In describing and claiming the present invention, the following terminology will be used:

The singular forms “a,” “an,” and “the” include plural referents unless the context clearly dictates otherwise.

As used herein, the terms “microfluidic coupon” or “coupon” are to be understood to refer to a device used to centrifuge and/or manipulate one or more microfluids, generally for the purposes of testing the fluid or liquid in a centrifugation test regime. Microfluidic coupons utilized in the present invention can include, but are not limited to, disk-shaped devices formed of poly(methylmethacrylate) (PMMA), acetonitrile-butadiene-styrene (ABS), polycarbonate, etc. While not so limited, such disks can be similar in appearance to well-known optical disks, e.g., compact disks (CDs). It is also understood that such materials may optionally include coatings to minimize sticking and aggregation of cells. Coatings used in the present invention can include, but are not limited to, polyethylene glycols (PEG), polysilicones and polydimethylsiloxanes (PDMS), and organic/silicone copolymers (PEG-silanes). They may also optionally include detergents and surfactants, which may be present in amounts sufficient to prevent sticking and aggregation, but insufficient to cause cell lysis, except where desired.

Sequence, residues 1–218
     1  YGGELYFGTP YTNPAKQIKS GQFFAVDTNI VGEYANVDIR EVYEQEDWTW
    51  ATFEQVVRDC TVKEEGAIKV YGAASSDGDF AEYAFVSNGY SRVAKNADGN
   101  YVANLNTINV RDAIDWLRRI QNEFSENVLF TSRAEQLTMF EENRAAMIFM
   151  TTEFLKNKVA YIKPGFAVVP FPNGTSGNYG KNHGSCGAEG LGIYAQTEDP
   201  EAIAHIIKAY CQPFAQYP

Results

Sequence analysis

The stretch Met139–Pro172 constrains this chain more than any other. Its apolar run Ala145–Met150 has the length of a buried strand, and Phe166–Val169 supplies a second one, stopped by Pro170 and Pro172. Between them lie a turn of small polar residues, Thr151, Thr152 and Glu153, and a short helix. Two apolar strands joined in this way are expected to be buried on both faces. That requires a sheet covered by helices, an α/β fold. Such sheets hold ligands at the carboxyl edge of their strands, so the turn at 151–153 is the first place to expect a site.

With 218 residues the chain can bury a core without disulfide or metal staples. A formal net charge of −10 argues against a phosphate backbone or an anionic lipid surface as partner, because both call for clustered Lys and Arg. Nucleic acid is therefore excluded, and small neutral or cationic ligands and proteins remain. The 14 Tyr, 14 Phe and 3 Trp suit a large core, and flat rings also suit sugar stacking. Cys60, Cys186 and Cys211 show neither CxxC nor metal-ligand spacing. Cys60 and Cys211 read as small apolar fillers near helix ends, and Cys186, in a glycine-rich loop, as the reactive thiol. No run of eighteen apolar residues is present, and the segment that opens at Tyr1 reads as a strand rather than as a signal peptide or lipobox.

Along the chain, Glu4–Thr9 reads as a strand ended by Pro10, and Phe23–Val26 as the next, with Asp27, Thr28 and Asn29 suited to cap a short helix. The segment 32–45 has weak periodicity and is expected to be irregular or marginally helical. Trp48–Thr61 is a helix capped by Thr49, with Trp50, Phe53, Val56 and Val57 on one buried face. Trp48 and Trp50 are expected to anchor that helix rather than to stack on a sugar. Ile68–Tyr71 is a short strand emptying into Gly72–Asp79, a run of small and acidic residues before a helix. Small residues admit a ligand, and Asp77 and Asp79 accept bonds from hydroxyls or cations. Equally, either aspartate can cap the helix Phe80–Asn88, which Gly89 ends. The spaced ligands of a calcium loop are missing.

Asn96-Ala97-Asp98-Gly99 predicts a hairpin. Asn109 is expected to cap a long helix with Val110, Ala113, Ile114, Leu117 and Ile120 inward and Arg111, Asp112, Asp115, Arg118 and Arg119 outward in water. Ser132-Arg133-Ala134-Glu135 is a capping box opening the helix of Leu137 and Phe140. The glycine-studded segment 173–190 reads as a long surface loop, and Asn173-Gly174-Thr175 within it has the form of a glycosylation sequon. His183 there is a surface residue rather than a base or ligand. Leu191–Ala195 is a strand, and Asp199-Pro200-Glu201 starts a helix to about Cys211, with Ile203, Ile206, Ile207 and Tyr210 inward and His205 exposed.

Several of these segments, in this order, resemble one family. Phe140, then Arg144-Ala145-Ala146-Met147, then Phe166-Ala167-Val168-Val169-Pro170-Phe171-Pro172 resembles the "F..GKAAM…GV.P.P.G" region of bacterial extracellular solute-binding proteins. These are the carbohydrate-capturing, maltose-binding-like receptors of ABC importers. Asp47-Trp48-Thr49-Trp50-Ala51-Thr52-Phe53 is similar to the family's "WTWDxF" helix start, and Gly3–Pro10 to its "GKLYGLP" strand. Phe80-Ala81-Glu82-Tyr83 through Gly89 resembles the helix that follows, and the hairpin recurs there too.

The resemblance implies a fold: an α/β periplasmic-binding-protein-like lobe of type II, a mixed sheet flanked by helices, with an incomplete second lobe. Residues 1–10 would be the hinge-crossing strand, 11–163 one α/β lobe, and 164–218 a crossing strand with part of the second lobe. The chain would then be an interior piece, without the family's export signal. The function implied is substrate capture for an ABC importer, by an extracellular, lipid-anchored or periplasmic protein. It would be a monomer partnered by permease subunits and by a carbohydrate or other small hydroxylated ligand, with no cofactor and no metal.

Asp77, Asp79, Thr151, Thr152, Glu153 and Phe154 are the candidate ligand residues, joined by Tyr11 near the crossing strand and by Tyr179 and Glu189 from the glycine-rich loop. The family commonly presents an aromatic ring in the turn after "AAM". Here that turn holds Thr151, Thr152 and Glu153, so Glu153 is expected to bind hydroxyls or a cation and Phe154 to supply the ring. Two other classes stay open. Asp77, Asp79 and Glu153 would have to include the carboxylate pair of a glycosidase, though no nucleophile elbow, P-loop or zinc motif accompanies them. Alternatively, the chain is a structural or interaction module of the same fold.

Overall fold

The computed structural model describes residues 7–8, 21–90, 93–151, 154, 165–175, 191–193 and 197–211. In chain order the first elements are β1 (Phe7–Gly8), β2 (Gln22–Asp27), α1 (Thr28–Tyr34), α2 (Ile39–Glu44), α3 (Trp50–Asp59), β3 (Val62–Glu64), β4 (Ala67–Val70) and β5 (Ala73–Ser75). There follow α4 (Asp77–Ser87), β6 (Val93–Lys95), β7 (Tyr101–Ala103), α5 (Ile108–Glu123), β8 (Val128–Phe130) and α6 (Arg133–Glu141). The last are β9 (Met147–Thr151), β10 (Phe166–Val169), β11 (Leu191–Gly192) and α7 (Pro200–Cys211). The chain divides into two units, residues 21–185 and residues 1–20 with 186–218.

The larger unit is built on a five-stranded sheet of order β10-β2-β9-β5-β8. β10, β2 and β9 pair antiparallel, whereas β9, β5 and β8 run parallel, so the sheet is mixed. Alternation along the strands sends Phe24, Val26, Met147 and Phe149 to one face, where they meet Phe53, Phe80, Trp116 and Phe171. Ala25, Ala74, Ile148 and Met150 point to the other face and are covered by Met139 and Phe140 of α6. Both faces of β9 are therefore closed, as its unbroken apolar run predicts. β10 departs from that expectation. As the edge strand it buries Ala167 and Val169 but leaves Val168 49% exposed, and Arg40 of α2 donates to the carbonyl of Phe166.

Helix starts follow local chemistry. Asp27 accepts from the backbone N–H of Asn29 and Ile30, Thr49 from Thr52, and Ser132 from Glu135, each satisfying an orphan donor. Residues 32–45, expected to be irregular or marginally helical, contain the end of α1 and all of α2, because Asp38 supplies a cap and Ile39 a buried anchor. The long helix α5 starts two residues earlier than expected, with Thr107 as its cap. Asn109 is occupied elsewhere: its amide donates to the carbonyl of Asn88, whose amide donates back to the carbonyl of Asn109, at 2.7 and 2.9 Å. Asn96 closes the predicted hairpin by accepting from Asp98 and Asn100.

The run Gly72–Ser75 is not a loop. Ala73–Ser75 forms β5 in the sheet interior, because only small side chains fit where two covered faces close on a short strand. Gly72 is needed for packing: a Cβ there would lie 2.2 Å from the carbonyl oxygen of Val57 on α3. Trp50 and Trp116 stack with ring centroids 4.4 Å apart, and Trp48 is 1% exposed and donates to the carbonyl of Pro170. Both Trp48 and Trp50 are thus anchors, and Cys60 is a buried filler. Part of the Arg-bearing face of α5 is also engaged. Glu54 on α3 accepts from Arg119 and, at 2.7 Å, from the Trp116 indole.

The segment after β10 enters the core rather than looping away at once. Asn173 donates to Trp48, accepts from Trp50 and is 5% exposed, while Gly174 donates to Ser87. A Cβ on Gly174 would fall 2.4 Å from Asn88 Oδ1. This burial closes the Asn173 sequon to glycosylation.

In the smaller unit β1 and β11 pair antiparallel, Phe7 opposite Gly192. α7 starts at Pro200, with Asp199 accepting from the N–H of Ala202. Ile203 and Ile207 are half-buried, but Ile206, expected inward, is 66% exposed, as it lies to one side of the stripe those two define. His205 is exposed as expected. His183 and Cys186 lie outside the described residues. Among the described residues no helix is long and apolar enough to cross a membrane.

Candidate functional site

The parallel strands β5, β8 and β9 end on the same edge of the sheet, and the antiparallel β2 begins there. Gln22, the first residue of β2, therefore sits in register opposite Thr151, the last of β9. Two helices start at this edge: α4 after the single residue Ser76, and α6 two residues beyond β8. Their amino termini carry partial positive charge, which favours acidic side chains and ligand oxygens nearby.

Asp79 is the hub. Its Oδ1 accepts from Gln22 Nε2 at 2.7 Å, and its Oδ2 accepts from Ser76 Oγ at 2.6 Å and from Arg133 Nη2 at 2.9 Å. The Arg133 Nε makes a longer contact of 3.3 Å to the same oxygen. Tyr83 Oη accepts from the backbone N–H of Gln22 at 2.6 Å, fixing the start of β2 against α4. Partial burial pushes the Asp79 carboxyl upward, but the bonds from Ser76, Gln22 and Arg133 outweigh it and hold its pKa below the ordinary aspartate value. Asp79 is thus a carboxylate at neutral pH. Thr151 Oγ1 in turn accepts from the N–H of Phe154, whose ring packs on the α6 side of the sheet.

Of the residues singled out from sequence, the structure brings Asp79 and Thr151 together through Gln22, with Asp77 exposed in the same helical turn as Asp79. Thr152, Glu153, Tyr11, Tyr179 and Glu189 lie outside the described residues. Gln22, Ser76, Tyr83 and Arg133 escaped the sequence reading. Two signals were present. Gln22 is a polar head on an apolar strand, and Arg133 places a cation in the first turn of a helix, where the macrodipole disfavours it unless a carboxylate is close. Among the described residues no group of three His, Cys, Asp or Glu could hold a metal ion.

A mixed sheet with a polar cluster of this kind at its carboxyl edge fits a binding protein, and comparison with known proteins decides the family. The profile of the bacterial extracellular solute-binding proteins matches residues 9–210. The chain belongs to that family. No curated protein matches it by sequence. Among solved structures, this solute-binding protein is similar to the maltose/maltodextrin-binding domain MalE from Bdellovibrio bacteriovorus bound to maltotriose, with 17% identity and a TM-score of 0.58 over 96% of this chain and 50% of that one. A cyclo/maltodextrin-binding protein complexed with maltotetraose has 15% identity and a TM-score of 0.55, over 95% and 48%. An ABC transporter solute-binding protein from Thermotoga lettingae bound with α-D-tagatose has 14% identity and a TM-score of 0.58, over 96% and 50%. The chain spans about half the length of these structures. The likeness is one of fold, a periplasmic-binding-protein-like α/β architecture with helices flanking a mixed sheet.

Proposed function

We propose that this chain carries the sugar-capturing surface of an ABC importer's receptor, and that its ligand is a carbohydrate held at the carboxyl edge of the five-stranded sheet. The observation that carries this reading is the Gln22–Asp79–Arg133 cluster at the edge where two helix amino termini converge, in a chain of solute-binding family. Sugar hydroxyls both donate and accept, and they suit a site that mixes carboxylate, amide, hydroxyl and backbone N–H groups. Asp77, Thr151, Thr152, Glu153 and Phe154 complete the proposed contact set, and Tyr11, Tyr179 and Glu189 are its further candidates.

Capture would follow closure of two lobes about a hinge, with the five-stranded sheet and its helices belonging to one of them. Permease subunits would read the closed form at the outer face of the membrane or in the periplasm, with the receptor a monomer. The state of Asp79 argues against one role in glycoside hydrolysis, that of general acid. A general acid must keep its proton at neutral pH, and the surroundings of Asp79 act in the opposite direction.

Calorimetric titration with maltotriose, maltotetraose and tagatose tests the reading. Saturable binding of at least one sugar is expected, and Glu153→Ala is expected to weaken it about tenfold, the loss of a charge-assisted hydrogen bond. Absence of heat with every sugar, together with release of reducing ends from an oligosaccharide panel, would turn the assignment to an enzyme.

As used herein, the term “valve” includes both passive valves and active valves. Active valves include valves having a mechanical valving gate of some type, e.g., paraffins or waxes, optically activated materials, heat-activated valves, mechanical valves, etc., whereas passive valves are static valves with no moving parts that act as a fluid valve due primarily to its geometric configuration and/or size, e.g., microfluidic valves where fluid dynamics and/or force on fluid causes fluids to pass through microchannels, etc.